Development environments with PowerShell DSC – Part 1

I’ve written before about approaches to automating the install of Sitecore instances via PowerShell, but recently I’ve been working upgrading this process to set up entire servers. As part of this research I’ve been working on how to move the scripting over to PowerShell Desired State Configuration – Microsoft’s framework for automating the configuration of servers. Having got to a position where the scripts are working and I can turn a plain copy of Windows Server into a functioning Sitecore box, I thought I’d shared an explanation of the tools and how it can be used for Sitecore development environments.

I’m going to break this up into a series of posts, as it’s quite a big topic. This week is a bit of an introduction to DSC and my goals for it:

(Edited to add: Links to all posts in this series: 1:Introduction to DSC – 2:Windows Features3:Mongo DB4:SQL Server5:Sitecore6:Coveo CES7:Coveo REST API & Coveo for Sitecore)

What is PowerShell DSC?

It’s a scripting framework for automating the configuration and setup of servers. If you’ve ever used Chef or Salt then this is basically Microsoft’s equivalent. If you haven’t then DSC is an extension to PowerShell v4 and above that gives you two extra things:

  • Firstly: A domain-specific language for you to express the state you want your servers to end up in. Hence the “desired state” but of the name.
  • Secondly: A runtime based on the Windows Management infrastructure that can process your descriptions and do all the hard work of getting the server into the state you described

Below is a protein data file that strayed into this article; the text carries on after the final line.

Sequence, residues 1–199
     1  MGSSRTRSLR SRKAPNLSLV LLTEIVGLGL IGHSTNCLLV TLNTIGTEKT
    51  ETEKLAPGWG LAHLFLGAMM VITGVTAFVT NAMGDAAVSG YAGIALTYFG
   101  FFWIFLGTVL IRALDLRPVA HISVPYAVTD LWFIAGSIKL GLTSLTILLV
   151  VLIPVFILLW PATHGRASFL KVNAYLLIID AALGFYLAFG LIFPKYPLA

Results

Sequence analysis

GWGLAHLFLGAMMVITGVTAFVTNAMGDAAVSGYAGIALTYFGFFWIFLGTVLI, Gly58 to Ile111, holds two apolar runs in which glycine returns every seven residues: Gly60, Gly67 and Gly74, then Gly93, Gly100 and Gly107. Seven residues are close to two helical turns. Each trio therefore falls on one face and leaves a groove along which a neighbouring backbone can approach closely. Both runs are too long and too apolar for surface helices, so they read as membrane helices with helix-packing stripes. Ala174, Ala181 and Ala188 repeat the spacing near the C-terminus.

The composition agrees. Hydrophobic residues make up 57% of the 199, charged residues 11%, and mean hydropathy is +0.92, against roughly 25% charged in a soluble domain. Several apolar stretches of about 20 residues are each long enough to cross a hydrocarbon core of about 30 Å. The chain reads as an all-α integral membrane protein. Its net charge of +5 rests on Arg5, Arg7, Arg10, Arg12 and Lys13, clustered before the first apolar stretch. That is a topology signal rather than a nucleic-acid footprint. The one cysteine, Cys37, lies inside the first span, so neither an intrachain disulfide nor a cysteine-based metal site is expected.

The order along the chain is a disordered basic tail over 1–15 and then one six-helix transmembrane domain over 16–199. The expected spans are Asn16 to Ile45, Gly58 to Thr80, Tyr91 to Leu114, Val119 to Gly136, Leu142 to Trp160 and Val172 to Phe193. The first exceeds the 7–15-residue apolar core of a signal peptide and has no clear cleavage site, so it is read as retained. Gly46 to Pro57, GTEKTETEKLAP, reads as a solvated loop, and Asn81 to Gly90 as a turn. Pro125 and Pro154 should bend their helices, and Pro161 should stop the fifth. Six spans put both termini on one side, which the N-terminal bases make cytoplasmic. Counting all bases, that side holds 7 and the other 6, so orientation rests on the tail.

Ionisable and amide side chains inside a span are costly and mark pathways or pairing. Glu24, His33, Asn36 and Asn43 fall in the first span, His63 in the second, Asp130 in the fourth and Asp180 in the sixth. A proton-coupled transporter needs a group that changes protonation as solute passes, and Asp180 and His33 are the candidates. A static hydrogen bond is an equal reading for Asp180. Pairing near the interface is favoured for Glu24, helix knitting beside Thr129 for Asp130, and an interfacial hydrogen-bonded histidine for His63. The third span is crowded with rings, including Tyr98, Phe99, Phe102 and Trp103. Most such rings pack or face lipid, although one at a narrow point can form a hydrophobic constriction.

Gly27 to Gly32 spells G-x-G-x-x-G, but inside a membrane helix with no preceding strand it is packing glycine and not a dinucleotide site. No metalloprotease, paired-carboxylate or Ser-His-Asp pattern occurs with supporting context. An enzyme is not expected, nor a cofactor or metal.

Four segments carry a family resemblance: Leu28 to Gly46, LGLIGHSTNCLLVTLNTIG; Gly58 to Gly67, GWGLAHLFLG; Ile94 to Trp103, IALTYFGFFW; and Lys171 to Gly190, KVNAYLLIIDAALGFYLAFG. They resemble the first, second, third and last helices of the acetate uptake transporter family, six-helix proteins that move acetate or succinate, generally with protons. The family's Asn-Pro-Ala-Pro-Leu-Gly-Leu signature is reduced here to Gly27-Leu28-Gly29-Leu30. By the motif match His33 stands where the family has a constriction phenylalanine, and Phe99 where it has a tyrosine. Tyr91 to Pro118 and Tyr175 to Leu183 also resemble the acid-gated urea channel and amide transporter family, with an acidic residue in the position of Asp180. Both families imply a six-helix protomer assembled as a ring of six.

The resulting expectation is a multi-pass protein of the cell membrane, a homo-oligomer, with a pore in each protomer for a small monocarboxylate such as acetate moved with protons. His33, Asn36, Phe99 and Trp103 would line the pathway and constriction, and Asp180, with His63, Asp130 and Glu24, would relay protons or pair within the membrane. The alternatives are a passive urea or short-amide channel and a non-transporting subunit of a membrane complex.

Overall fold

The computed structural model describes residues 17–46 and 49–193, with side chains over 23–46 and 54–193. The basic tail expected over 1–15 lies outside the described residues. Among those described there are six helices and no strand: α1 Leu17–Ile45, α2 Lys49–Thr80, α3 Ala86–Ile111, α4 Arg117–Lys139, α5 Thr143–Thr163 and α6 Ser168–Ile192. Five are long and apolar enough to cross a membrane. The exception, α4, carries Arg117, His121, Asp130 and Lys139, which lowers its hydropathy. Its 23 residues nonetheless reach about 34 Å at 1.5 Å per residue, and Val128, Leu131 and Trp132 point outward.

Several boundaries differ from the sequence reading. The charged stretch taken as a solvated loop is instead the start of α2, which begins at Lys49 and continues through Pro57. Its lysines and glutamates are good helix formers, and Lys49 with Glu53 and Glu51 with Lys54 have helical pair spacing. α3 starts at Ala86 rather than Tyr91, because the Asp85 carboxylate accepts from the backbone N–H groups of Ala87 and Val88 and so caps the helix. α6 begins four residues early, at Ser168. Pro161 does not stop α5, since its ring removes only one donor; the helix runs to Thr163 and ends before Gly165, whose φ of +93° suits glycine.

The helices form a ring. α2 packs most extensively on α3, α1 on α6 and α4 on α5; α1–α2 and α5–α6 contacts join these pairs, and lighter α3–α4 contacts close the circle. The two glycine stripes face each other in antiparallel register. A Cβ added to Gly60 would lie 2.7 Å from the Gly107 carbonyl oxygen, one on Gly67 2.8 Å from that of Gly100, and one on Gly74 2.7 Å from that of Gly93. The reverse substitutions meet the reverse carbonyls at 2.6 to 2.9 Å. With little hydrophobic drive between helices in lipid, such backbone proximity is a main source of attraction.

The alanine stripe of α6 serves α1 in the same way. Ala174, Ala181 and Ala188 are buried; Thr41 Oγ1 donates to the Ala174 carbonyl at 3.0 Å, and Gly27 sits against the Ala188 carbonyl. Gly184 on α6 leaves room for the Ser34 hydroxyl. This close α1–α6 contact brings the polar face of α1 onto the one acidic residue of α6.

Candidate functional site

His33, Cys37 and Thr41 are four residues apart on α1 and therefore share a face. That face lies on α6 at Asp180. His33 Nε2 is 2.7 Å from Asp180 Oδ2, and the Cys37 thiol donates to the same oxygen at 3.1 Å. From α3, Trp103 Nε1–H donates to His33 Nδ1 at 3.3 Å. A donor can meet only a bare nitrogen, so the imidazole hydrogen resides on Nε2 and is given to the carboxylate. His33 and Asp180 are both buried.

DSC is designed to support the DevOps concepts of automating infrastructure tasks and having executable code for describing server state which can also be seen as documentation of the state you require. It allows you to move towards the idea of having servers being disposable – since the process of building them is automated, creating and destroying them is easy. You can get to a state where you click a button in the management tools for Hyper-V (or your preferred Virtualisation framework) to spin up a new virtual machine and it automatically pulls the right configuration from a central location and configures itself to meet your requirements.

What does a basic script look like?

Here’s a very basic script, which can be used to install IIS onto a machine:

Configuration EnableIIS
    Node “WebSvr001"
        WindowsFeature WebServer
            Name = "Web-Server"
            Ensure = "Present"

The outer block declares a “Configuration“. That’s basically naming the DSC script. Any valid PowerShell identifier can be used here. The name is important because (under the surface) what you’re declaring here is kind of like a special CommandLet – hence we need the name so we can execute it later.

The second block declares a “Node“. Nodes describe the name of a server (or servers) to which the script is relevant. Here it’s hard coded to a machine named “WebSvr001”, but commonly it’s declared as an expression so that one Configuration can be applied to many servers. You can also declare multiple Nodes inside one Configuration, for example to declare a script for a cluster of servers.

The inner block describes a “resource” – which is what DSC calls the instructions for a particular bit of state you want to affect. In this case we have a “WindowsFeature” resource, which knows how to install a feature of Windows. Again these need a name, and the names of resources are used to allow us to specify dependencies in more complex scripts. Usually a script will have many resources, describing the set of configuration changes required. Resources also take parameters, and here we’re specifying the “Name” of the feature to install (“Web-Server” is the feature name for IIS) and with “Ensure” we’re saying that DSC should make sure that this feature is present. One of the benefits of DSC is that it is state-aware, so if IIS was already installed this script would do nothing. And (obviously) you could also construct a resource whose job was to remove a windows feature if you wanted.